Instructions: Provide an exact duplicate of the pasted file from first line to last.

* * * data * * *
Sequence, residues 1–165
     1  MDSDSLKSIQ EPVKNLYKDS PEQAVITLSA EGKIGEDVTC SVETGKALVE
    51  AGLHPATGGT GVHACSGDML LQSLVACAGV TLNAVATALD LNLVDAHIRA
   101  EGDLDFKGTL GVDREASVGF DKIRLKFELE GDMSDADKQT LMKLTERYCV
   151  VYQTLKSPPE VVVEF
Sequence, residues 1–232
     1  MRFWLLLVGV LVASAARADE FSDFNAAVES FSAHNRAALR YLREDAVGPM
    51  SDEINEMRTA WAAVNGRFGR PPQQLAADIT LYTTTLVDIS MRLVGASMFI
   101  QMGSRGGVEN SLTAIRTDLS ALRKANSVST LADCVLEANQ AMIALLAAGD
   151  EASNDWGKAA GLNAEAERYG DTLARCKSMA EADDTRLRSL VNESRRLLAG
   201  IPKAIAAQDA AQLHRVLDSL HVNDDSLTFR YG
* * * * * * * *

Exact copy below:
Sequence, residues 1–165
     1  MDSDSLKSIQ EPVKNLYKDS PEQAVITLSA EGKIGEDVTC SVETGKALVE
    51  AGLHPATGGT GVHACSGDML LQSLVACAGV TLNAVATALD LNLVDAHIRA
   101  EGDLDFKGTL GVDREASVGF DKIRLKFELE GDMSDADKQT LMKLTERYCV
   151  VYQTLKSPPE VVVEF
Sequence, residues 1–232
     1  MRFWLLLVGV LVASAARADE FSDFNAAVES FSAHNRAALR YLREDAVGPM
    51  SDEINEMRTA WAAVNGRFGR PPQQLAADIT LYTTTLVDIS MRLVGASMFI
   101  QMGSRGGVEN SLTAIRTDLS ALRKANSVST LADCVLEANQ AMIALLAAGD
   151  EASNDWGKAA GLNAEAERYG DTLARCKSMA EADDTRLRSL VNESRRLLAG
   201  IPKAIAAQDA AQLHRVLDSL HVNDDSLTFR YG